Original Research

Profile, perceptions and future expectations of medical laboratory scientists in Namibia

Bruce H. Noden, Vincent Nowaseb, Cornelia de Waal-Miller, Berta E. van der Colf
African Journal of Laboratory Medicine | Vol 4, No 1 | a246 | DOI: https://doi.org/10.4102/ajlm.v4i1.246 | © 2015 Bruce H. Noden, Vincent Nowaseb, Cornelia de Waal-Miller, Berta E. van der Colf | This work is licensed under CC Attribution 4.0
Submitted: 10 September 2014 | Published: 20 August 2015

About the author(s)

Bruce H. Noden, Department of Health Sciences, School of Health and Applied Science, Polytechnic of Namibia, Namibia and Department of Entomology and Plant Pathology, Oklahoma State University, United States
Vincent Nowaseb, Department of Health Sciences, School of Health and Applied Science, Polytechnic of Namibia and National Commission on Research, Science and Technology, Namibia
Cornelia de Waal-Miller, Department of Health Sciences, School of Health and Applied Science, Polytechnic of Namibia, Namibia
Berta E. van der Colf, Department of Health Sciences, School of Health and Applied Science, Polytechnic of Namibia, Namibia


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Abstract

Background: Public healthcare systems in sub-Saharan Africa are challenged by healthcare worker shortages, loss of trained staff and attrition to the private sector. Studies have historically focused on medical doctors, nurses and pharmacists, with limited focus on medical laboratory scientists.

Objectives: This study addresses the professional perspectives and expectations of the first two classes of biomedical science students, who graduated from the Polytechnic of Namibiain 2012 and 2013.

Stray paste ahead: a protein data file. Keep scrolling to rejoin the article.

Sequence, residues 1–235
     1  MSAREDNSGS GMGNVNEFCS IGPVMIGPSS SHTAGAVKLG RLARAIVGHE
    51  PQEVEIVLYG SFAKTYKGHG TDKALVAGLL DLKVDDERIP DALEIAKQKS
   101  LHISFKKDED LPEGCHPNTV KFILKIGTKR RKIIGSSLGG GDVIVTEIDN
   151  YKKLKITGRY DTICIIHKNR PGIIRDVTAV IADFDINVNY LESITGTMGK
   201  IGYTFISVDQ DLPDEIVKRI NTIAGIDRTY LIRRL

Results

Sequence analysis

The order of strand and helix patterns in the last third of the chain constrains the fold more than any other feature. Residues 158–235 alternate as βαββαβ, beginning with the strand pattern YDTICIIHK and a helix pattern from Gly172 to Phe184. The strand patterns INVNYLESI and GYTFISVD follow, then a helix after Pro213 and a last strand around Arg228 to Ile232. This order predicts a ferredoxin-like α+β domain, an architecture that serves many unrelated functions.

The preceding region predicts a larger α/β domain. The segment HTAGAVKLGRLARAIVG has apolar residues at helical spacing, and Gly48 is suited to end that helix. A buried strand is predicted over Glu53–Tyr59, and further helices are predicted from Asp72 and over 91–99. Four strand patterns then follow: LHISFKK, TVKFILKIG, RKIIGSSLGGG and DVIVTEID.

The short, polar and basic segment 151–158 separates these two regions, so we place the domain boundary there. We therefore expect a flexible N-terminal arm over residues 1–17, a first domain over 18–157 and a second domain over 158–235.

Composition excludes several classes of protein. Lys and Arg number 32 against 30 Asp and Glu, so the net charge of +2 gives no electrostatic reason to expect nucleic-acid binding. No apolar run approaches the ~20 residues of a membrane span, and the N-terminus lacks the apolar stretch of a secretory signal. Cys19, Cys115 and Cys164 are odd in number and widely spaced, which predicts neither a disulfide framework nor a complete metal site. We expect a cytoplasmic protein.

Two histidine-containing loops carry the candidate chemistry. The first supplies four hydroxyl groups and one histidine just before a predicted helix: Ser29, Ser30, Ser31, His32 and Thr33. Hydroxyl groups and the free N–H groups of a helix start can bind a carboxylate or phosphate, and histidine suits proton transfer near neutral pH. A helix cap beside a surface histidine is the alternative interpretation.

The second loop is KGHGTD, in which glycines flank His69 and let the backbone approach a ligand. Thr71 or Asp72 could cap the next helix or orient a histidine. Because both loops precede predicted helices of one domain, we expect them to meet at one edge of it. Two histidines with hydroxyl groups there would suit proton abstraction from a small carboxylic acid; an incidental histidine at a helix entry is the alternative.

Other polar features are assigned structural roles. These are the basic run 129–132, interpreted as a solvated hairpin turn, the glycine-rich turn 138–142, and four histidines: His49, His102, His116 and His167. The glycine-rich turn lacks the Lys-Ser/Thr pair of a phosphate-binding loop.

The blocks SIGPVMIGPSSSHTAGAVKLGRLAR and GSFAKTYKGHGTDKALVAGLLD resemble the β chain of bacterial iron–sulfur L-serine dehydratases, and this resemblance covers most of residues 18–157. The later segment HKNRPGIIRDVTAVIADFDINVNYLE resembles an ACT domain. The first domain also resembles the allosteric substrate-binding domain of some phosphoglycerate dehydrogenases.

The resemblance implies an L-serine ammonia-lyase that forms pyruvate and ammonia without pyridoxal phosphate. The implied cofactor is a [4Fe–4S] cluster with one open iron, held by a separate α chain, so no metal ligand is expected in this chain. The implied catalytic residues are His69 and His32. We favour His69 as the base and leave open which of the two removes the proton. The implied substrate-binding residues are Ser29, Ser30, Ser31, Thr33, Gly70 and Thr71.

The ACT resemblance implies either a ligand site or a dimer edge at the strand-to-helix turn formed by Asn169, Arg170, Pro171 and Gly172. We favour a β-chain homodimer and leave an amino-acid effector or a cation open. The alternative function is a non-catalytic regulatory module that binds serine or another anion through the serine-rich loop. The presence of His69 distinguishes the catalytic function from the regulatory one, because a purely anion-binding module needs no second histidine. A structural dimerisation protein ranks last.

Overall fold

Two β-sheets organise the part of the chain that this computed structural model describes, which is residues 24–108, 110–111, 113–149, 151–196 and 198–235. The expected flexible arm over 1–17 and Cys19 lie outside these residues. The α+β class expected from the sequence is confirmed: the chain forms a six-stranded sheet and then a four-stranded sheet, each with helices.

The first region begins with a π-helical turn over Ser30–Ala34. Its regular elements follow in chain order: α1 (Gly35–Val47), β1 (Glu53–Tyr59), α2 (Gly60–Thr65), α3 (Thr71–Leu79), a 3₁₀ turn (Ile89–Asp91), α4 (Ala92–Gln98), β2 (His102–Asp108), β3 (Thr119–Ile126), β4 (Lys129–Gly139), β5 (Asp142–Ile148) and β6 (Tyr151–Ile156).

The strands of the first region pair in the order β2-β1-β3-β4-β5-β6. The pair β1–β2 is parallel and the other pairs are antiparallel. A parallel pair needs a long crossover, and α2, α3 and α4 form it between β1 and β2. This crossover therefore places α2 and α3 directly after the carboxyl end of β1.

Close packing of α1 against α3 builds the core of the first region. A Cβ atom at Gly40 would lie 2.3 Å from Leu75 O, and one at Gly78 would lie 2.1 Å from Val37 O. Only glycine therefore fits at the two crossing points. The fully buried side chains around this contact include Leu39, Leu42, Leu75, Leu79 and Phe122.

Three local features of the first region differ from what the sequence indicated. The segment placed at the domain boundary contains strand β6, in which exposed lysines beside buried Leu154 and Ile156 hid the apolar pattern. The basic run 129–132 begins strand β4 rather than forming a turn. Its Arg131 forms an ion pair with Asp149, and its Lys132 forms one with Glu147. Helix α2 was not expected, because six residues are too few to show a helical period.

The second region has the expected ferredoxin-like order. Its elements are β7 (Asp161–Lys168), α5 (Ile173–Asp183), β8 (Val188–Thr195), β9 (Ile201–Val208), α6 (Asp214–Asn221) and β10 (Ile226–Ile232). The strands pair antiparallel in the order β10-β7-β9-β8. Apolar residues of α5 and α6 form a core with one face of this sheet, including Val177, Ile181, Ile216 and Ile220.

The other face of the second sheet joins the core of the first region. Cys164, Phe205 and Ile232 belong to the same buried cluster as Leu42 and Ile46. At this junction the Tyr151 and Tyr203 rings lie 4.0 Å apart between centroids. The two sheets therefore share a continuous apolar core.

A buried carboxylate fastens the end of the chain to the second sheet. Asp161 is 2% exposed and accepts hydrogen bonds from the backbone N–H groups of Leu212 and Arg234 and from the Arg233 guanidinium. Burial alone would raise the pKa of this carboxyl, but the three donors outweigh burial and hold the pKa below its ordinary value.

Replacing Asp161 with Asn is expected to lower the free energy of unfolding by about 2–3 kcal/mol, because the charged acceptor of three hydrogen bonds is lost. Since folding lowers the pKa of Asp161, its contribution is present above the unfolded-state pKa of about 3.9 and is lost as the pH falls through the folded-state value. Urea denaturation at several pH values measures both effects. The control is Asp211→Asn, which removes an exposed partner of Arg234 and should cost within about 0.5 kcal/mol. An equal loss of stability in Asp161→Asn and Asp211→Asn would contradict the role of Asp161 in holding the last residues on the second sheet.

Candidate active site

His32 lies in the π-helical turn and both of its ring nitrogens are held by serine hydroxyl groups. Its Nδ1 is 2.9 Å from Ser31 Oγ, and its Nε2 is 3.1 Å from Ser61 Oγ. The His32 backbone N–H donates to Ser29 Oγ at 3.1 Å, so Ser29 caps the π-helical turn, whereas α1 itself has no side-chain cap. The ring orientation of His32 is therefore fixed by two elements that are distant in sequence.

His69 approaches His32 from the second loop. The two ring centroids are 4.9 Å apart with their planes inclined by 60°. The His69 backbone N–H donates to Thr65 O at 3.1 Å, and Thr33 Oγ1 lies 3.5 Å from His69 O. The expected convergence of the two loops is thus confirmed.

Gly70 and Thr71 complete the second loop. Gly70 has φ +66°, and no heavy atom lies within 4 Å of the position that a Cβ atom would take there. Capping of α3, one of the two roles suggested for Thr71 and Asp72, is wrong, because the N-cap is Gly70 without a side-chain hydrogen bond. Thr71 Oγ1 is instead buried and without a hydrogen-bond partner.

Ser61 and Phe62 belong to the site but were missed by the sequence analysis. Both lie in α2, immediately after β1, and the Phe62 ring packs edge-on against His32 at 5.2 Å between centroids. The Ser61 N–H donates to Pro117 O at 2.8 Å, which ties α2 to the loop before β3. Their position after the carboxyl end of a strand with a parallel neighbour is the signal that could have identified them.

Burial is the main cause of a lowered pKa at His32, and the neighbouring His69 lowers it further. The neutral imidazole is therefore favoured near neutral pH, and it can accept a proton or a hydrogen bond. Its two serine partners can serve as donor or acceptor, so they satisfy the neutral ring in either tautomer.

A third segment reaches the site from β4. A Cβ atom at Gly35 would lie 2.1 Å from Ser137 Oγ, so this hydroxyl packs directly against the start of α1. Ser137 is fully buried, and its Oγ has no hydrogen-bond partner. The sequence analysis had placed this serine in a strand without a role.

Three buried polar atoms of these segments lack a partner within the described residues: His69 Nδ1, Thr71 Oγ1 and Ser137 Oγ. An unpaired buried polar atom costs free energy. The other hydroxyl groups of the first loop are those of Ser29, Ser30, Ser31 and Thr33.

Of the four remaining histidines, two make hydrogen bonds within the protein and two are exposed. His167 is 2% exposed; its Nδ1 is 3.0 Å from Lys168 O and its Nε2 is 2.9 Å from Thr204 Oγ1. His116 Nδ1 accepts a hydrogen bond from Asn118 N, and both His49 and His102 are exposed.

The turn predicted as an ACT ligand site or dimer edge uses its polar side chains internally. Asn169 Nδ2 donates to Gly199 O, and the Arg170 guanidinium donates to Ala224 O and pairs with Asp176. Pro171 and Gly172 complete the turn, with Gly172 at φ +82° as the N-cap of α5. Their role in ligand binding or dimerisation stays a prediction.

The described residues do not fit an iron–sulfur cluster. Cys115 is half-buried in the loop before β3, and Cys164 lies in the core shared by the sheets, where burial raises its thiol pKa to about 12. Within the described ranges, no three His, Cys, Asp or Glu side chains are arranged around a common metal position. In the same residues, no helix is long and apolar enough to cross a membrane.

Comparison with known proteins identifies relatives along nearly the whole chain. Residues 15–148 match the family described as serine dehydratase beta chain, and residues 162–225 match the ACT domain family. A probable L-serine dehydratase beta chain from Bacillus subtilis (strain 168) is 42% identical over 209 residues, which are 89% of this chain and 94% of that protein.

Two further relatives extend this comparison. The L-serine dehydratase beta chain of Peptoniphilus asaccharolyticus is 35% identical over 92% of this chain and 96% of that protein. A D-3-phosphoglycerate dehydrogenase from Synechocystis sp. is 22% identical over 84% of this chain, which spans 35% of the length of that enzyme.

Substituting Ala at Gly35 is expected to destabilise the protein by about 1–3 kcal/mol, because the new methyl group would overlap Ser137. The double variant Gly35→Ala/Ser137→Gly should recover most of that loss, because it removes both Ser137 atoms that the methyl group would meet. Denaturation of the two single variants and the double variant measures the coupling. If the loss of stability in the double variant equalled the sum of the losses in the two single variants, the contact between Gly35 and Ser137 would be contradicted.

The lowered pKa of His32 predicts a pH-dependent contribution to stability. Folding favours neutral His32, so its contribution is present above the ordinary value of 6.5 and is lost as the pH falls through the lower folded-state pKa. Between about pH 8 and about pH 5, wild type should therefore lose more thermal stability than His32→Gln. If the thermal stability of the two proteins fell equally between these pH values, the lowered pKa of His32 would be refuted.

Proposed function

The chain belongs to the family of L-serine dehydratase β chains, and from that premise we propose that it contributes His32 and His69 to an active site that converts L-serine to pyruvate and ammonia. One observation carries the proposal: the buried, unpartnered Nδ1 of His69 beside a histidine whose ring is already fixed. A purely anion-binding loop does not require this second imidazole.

Methods: A questionnaire was developed to capture qualitative and quantitative data from fourth-year students completing their final semester. Data collected included: demographic information; students’ experience; professional expectations; and perceptions about the future of biomedical science education in Namibia.

Results: Amongst the 42 of 45 enrolled students who completed the questionnaire, nearly two-thirds anticipated working in government hospitals (29%) or industry (35%), with fewer planning careers in private hospitals (12%) or academia (14%). Most expressed an interest inworking abroad (64%) and/or in the capital (64%), with fewer interested in small urban areas (48%). Only 7% expressed interest in working in a rural area. Regarding their view of the future of biomedical science in Namibia, 38% responded that it was encouraging, whereas therest responded that it was uncertain (52%), negative (2%) or unknown (7%).

Conclusion: Members of the first graduating classes of Namibia’s nascent Biomedical Science degree programme reported a perceived lack of opportunity for professional advancement in the field if they remained in Namibia. Continued thought needs to be given to develop sustainable strategies and opportunities to retain Namibian biomedical laboratory scientists in Namibia.


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